But on your other post, about the engineer advising you to rewrite in C because "Java uses too much memory", sure, we've all heard that ad-nauseum so to speak, to use Eckel's words, it's tedious, tiresome and wrong. Surely you're not going to assert that there are less memory leaks in C++ code than Java?

Too bad, because I've worked with C coders learning Java and they've said the same thing, the same misunderstanding about the language and wrote very poor code, because they were afraid of creating objects, was one example I remember. And who hasn't worked on an 8000 line C Style Java class?

And yes, I know C++ programmers, who, once they learned Java, have never looked back, so you are in the minority. And these are folks writing transaction systems for the banks (when you swipe your credit card, for example), so performance and stability is key.

But hey, it's a free country, enjoy. I like working in Qt myself.

Mike O'Keefe

Posts: 16
Nickname: kupci2
Registered: Mar, 2005

Re: The Positive Legacy of C++ and Java Posted: Mar 18, 2009 11:41 PM
Reply to this message Reply
> > <p>It also fooled the Java designers who didn't
> understand
> > C++ well
> > enough.
[snip]
> >
> I'm not sure where you got the impression that the choice
> of leaving out operator overloading was because someone
> didn't do their homework. I remember asking this Gosling
> in one of my interviews of him why he left out operator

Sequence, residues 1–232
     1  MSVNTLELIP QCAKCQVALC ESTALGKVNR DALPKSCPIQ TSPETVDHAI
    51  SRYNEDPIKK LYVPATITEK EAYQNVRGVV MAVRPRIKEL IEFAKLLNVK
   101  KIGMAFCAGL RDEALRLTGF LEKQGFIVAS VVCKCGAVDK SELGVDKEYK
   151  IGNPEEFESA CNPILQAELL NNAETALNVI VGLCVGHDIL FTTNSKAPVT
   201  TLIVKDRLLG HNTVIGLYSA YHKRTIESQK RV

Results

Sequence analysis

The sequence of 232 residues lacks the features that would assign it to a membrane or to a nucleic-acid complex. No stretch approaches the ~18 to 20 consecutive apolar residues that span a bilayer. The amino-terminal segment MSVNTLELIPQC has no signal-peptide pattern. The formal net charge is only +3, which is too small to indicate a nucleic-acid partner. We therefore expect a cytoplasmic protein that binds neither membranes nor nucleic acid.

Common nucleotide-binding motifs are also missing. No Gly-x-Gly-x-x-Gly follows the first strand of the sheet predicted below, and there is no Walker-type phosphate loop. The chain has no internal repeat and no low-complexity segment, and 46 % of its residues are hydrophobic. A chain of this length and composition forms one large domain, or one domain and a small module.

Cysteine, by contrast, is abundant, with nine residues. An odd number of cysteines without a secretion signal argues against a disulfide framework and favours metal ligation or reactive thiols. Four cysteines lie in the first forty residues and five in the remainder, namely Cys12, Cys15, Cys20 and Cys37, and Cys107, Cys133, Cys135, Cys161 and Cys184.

> overloading (I don't think that question and answer ended
> up getting published). What he basically said to me, is
> what I heard him say in other contexts: Gosling felt that
> the level of operator overloading abuse he had seen in
> practice in other languages (I'm not sure if this was just
> C++, but certainly included C++) had outweighed the
> benefits of it. That's all. It was a subjective design
> choice.
>
I agree on the other languages part. Eckels seems to be unfortunately perpetuating the myth that Java is based on C++, and they just rewrote the language leaving stuff out, and adding the gc, i.e. it's not Java, it's C++ ++, etc: and because he's written some books on the subject, and should understand the language differences, you'd think he'd know this than believe the urban legends and whatnot.

However, many get this wrong. Despite the fact that Java on the surface looks similar to C++, this is a superficial resemblance only.

http://cs.gmu.edu/~offutt/classes/642/Resources/java-objc.html

">> Java's *syntax* may resemble C++, but it has no similarity to C++
>> as a language. Java's chief *semantics* are dynamically-bound and
>> use single inheritance, class objects, and an extensive runtime system.
>> C++ and Modula-3 are as far away from this model as any object-oriented